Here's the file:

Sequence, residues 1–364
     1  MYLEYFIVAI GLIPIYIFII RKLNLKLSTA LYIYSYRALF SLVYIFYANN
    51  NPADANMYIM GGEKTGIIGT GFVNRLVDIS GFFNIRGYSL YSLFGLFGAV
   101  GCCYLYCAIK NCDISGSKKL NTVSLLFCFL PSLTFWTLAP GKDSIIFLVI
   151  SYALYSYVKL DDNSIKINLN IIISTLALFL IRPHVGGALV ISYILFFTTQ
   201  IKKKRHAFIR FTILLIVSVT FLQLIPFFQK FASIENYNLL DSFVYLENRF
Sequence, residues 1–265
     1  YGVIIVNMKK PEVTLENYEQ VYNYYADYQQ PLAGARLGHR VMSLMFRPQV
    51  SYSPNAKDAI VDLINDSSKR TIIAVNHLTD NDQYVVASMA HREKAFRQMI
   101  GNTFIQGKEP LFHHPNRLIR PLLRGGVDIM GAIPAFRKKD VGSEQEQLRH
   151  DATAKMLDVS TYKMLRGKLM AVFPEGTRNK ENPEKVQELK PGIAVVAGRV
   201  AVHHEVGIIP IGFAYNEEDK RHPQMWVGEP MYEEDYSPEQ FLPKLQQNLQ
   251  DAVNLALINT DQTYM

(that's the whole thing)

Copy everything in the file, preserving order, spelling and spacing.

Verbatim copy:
Sequence, residues 1–364
     1  MYLEYFIVAI GLIPIYIFII RKLNLKLSTA LYIYSYRALF SLVYIFYANN
    51  NPADANMYIM GGEKTGIIGT GFVNRLVDIS GFFNIRGYSL YSLFGLFGAV
   101  GCCYLYCAIK NCDISGSKKL NTVSLLFCFL PSLTFWTLAP GKDSIIFLVI
   151  SYALYSYVKL DDNSIKINLN IIISTLALFL IRPHVGGALV ISYILFFTTQ
   201  IKKKRHAFIR FTILLIVSVT FLQLIPFFQK FASIENYNLL DSFVYLENRF
Sequence, residues 1–265
     1  YGVIIVNMKK PEVTLENYEQ VYNYYADYQQ PLAGARLGHR VMSLMFRPQV
    51  SYSPNAKDAI VDLINDSSKR TIIAVNHLTD NDQYVVASMA HREKAFRQMI
   101  GNTFIQGKEP LFHHPNRLIR PLLRGGVDIM GAIPAFRKKD VGSEQEQLRH
   151  DATAKMLDVS TYKMLRGKLM AVFPEGTRNK ENPEKVQELK PGIAVVAGRV
   201  AVHHEVGIIP IGFAYNEEDK RHPQMWVGEP MYEEDYSPEQ FLPKLQQNLQ
   251  DAVNLALINT DQTYM